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Conway Morris, of course, considers this possibility in relation to a very specific aspect of the problem of organismal form, namely, the problem of explaining why the same forms arise repeatedly in so many disparate lines of decent. But this raises a question. Could a similar approach shed explanatory light on the more general causal question that has been addressed in this review? Could the notion of purposive design help provide a more adequate explanation for the origin of organismal form generally? Are there reasons to consider design as an explanation for the origin of the biological information necessary to produce the higher taxa and their corresponding morphological novelty?
The remainder of this review will suggest that there are such reasons. In so doing, it may also help explain why the issue of teleology or design has reemerged within the scientific discussion of biological origins (Denton 1986, 1998; Thaxton et al. 1992; Kenyon & Mills 1996: Behe 1996, 2004; Dembski 1998, 2002, 2004; Conway Morris 2000, 2003a, 2003b, Lonnig 2001; Lonnig & Saedler 2002; Nelson & Wells 2003; Meyer 2003, 2004; Bradley 2004) and why some scientists and philosophers of science have considered teleological explanations for the origin of form and information despite strong methodological prohibitions against design as a scientific hypothesis (Gillespie 1979, Lenior 1982:4).
And clearly, the neo-Darwinian mechanism does explain many appearances of design, such as the adaptation of organisms to specialized environments that attracted the interest of 19th century biologists. More specifically, known microevolutionary processes appear quite sufficient to account for changes in the size of Galapagos finch beaks that have occurred in response to variations in annual rainfall and available food supplies (Weiner 1994, Grant 1999).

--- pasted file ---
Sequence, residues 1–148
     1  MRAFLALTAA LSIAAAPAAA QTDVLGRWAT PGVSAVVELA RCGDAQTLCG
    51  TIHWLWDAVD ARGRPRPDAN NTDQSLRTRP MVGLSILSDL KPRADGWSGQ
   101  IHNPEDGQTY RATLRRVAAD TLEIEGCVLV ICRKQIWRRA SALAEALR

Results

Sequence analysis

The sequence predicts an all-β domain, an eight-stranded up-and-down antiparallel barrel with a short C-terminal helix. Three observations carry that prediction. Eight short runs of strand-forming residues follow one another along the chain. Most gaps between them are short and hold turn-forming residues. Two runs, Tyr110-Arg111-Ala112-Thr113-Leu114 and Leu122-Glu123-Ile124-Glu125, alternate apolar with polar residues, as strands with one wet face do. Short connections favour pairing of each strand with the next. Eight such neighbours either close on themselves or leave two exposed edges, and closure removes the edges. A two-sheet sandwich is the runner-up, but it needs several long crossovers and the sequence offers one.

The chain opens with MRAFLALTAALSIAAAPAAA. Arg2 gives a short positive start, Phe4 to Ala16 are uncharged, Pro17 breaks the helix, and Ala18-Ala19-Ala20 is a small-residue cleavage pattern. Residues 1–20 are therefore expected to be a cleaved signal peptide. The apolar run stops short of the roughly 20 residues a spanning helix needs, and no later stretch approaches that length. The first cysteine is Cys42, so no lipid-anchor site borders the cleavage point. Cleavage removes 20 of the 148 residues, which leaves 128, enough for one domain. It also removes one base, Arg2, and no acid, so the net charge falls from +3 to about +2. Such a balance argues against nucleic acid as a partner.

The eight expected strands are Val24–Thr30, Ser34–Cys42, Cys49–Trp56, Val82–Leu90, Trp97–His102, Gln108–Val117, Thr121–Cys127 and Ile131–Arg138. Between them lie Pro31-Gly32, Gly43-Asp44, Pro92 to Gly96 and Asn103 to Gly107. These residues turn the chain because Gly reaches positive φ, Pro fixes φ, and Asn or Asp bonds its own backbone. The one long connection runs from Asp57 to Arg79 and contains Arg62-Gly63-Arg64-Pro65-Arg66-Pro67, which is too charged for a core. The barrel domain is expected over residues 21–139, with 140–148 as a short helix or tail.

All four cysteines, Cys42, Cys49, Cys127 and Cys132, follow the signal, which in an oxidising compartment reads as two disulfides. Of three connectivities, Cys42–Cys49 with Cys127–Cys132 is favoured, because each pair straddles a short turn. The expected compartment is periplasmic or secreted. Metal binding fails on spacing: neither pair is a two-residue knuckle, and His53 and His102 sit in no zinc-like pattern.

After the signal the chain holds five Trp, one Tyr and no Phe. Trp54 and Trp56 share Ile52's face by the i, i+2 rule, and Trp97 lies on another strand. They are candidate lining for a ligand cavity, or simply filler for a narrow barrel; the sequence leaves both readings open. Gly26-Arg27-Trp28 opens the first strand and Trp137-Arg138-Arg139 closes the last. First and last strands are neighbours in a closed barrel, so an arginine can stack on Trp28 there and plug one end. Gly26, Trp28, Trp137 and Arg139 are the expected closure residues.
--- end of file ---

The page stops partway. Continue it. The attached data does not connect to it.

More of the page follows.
______. 2004. Irreducible complexity: obstacle to Darwinian evolution. Pp. 352-370 in W. A. Dembski and M. Ruse, eds., Debating design: from Darwin to DNA. Cambridge University Press, Cambridge, United Kingdom.
Bradley, W. 2004. Information, entropy and the origin of life. Pp. 331-351 in W. A. Dembski and M. Ruse, eds., Debating design: from Darwin to DNA. Cambridge University Press, Cambridge, United Kingdom.
______. 2004. The logical underpinnings of intelligent design. Pp. 311-330 in W. A. Dembski and M. Ruse, eds., Debating design: from Darwin to DNA. Cambridge University Press, Cambridge, United Kingdom.
______. The scientific status of intelligent design: The methodological equivalence of naturalistic and non-naturalistic origins theories. Pp. 151-211 in Science and evidence for design in the universe. Proceedings of the Wethersfield Institute. Ignatius Press, San Francisco.
______. 2003. DNA and the origin of life: information, specification and explanation. Pp. 223-285 in J. A. Campbell and S. C. Meyer, eds., Darwinism, design and public education. Michigan State University Press, Lansing, Michigan.
______. 2004. The Cambrian information explosion: evidence for intelligent design. Pp. 371-391 in W. A. Dembski and M. Ruse, eds., Debating design: from Darwin to DNA. Cambridge University Press, Cambridge, United Kingdom.
Nelson, P., & J. Wells. 2003. Homology in biology: problem for naturalistic science and prospect for intelligent design. Pp. 303-322 in J. A. Campbell and S. C. Meyer, eds., Darwinism, design and public education. Michigan State University Press, Lansing. 2b1af7f3a8